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Friday 28 October 2016
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Buying and selling

The legal issues involved in selling a practice can be complex and daunting. But systematically going through questions and concerns can help form a plan

Buying and selling property is often a costly and demanding experience, which is the same for all general practitioners. Below, key concerns are covered that are raised throughout the buying and selling process, and what your obligations are.
Q Do I/we have the right to sell our existing property or do we need the involvement of third parties?
A Whether you do or don’t will depend on what it says on the legal title to your property and within your partnership deed. It is important to provide these to your solicitor and the agent upfront, so that they are aware of which partners need to agree and sign the legal documents. It is not unusual to find that third parties may have to be involved in your sale of the property. For example, if you have a mortgage on your existing property then the bank will need to be involved and your solicitor will have to liaise with them.
Q I am concerned about the deposit for the new property. Is it possible for the deposit to be less than 10%?
A It is possible to agree that the deposit will be less than 10%. But if this is the case then the contract will standardly provide for the deposit to be made up to 10% if the buyer fails to complete on the specified completion date, unless you agree otherwise. You would need to notify your surveyor from the outset that this is how you wish to proceed.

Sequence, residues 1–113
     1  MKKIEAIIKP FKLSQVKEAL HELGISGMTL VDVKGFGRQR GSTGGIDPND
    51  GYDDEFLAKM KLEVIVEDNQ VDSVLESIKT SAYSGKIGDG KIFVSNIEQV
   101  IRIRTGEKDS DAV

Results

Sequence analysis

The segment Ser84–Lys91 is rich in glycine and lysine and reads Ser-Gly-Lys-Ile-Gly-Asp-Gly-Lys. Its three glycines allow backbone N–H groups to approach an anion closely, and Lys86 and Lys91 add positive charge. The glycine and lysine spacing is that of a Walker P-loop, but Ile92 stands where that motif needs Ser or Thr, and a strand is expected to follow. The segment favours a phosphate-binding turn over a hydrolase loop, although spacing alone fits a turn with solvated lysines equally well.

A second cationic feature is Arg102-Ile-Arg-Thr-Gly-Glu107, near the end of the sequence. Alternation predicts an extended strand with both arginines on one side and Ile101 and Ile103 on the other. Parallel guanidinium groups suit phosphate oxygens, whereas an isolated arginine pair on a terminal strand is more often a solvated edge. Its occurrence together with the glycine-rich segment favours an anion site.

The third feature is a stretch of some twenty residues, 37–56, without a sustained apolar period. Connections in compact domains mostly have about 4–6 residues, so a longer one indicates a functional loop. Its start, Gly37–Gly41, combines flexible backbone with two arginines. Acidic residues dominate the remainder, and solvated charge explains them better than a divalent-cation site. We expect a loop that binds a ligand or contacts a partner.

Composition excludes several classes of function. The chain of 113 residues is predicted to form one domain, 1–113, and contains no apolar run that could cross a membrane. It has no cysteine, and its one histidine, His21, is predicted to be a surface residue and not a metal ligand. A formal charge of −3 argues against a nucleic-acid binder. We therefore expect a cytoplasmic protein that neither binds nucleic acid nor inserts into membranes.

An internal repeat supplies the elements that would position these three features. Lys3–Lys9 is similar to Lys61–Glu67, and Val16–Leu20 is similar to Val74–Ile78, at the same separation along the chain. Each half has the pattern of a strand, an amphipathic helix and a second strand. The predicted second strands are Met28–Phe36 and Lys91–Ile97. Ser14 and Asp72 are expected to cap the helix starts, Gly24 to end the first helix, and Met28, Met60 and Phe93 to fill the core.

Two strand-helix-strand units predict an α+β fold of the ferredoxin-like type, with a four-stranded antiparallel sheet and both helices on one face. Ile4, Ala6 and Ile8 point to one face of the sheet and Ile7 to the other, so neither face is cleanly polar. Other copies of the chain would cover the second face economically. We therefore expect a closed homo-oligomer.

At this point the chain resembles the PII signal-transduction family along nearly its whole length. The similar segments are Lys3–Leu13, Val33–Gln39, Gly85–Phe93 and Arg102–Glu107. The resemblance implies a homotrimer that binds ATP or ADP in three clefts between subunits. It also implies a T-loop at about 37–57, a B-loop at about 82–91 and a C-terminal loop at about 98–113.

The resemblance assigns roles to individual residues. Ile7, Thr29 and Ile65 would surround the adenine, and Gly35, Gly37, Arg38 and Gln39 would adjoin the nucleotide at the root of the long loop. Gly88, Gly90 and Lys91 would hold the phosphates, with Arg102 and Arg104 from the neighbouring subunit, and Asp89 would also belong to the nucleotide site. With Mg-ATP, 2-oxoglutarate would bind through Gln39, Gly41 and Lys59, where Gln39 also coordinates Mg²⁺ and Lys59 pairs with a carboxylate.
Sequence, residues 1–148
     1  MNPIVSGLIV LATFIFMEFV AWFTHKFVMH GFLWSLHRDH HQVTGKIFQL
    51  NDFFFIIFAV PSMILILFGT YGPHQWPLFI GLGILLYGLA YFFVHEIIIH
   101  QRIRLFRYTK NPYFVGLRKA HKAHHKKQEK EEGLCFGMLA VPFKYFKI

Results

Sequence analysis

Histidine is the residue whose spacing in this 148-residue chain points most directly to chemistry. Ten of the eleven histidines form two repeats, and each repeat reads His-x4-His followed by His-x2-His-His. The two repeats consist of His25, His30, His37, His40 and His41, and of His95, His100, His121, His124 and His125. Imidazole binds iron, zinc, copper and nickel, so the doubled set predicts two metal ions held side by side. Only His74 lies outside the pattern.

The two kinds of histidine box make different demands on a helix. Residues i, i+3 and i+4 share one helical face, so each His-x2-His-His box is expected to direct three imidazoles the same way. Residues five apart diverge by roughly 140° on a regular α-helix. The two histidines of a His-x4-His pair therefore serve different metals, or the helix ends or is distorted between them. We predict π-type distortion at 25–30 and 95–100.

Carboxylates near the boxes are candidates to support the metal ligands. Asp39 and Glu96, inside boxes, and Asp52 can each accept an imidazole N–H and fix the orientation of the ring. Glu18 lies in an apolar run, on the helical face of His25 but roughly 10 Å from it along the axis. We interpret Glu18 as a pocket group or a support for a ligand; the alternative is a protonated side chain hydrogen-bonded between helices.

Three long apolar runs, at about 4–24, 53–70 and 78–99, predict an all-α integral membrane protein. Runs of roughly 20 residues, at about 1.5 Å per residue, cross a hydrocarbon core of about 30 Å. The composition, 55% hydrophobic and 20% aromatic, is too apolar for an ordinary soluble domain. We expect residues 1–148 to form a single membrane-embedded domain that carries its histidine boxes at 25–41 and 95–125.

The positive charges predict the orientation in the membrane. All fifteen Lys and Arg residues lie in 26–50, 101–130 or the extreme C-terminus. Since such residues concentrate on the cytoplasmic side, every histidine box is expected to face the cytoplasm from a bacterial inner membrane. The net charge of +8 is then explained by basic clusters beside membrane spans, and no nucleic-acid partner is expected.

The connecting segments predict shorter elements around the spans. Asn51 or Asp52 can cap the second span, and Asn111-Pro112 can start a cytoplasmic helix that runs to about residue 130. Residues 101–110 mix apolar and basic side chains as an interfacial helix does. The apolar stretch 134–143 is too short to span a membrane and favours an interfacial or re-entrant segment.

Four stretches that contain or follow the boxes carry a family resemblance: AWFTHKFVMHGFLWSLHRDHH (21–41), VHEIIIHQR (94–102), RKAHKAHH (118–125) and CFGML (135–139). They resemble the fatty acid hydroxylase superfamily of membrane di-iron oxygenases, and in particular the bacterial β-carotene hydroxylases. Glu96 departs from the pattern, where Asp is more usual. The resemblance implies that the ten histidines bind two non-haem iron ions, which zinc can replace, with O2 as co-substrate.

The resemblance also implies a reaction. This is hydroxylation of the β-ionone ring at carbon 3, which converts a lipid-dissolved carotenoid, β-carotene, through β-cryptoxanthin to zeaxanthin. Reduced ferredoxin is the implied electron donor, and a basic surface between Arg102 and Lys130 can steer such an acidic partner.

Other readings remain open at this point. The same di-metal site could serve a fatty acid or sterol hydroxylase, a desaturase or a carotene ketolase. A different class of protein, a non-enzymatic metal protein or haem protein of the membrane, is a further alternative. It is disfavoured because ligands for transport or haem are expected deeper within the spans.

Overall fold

Alternatively, if you need the deposit from the sale of your current premises to fund the purchase of your new premises, you could agree with your buyer that your solicitor holds the deposit as ‘agent’. This means that your solicitor can use the deposit from the sale of your existing premises to fund the purchase of the new premises. Again, this is something that you should mention to your surveyor at the outset.
Q How long is the sale likely to take and why does it take that long?
A One of the most frustrating aspects of the buying and selling process is the timescale. It is worth having a realistic view of this at the outset. You need to consider that both your solicitor and the buyer’s solicitor will need to undertake various standard conveyancing searches from third parties, and that you will have to provide practical information about the property.
These searches are important as they reveal issues that your solicitor will not be able to tell from reviewing the deeds to the property, such as whether it is connected to the necessary utilities; whether it is subject to potential chancel repair liability; if the correct planning permissions are in place; if the property is affected by issues such as subsidence from coal mining.
In light of this, the most rapid turnaround times for purchase or sale are typically four weeks. If you need to sell your property more quickly than this then it might be worth considering engaging your solicitor prior to identifying a buyer, and asking them to undertake these searches on your property so that they can provide the buyer with a copy of these immediately. If you notify your surveyor that this is the way in which you wish to proceed, they will ensure that the terms of any sale are such that you recoup the cost of these searches on exchange of contracts. You could also consider asking your solicitor to draft the contract and transfer upfront, ensuring the purchaser of your property is provided with the exact terms of the deal on which you wish to sell at the outset, which generally cuts down the time it takes to complete a transaction.